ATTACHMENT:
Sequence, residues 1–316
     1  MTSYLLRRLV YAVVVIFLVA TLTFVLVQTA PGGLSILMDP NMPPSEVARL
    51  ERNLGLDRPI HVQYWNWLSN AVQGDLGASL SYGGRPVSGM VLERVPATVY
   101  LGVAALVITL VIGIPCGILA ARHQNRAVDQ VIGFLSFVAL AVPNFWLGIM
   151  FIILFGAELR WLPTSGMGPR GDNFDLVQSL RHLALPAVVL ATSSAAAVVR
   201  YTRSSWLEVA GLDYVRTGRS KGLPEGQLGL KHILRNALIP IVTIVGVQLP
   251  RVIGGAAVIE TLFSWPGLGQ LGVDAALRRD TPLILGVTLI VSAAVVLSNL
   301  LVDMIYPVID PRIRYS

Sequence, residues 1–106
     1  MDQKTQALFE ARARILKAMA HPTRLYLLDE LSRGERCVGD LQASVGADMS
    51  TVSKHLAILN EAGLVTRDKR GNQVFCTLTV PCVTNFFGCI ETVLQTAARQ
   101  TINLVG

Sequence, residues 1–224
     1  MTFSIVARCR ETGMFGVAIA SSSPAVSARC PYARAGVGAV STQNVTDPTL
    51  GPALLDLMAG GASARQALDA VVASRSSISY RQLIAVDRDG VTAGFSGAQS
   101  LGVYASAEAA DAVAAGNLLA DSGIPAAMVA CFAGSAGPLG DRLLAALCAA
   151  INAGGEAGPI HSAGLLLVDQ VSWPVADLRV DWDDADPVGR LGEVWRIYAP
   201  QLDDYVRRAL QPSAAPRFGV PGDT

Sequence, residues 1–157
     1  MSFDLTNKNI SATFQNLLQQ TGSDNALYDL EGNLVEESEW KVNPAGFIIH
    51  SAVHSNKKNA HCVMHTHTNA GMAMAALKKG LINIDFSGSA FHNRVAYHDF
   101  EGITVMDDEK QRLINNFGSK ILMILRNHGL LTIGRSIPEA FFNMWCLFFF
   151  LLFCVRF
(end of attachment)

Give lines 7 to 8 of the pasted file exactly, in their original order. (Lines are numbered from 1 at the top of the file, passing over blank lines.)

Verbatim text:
   251  RVIGGAAVIE TLFSWPGLGQ LGVDAALRRD TPLILGVTLI VSAAVVLSNL
   301  LVDMIYPVID PRIRYS